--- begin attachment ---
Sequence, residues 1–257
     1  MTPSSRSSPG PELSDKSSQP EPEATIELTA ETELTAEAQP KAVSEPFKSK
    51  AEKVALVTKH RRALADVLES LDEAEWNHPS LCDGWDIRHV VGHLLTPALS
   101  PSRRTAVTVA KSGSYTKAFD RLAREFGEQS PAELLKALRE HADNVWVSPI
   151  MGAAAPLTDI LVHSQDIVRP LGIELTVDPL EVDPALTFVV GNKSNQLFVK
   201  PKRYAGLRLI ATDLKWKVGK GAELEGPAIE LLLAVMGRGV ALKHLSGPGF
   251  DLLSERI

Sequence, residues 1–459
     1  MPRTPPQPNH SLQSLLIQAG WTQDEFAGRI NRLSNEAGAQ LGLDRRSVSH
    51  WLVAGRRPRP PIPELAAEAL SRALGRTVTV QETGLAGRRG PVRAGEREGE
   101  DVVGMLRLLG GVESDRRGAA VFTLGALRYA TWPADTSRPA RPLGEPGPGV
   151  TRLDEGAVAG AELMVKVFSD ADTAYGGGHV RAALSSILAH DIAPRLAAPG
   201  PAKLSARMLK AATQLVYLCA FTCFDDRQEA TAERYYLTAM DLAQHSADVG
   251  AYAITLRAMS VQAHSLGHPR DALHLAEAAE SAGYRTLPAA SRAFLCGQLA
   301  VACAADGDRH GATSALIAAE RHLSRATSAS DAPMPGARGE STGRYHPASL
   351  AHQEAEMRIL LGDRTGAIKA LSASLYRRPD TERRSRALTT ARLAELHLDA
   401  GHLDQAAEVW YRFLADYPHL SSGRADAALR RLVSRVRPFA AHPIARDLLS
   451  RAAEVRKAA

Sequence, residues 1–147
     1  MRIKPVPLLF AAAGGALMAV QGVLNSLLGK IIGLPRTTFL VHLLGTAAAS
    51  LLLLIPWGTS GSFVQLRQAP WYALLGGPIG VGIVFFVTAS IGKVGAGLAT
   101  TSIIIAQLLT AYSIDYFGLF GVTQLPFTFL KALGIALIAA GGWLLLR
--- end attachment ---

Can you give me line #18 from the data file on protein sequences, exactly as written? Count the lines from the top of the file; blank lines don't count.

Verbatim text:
   451  RAAEVRKAA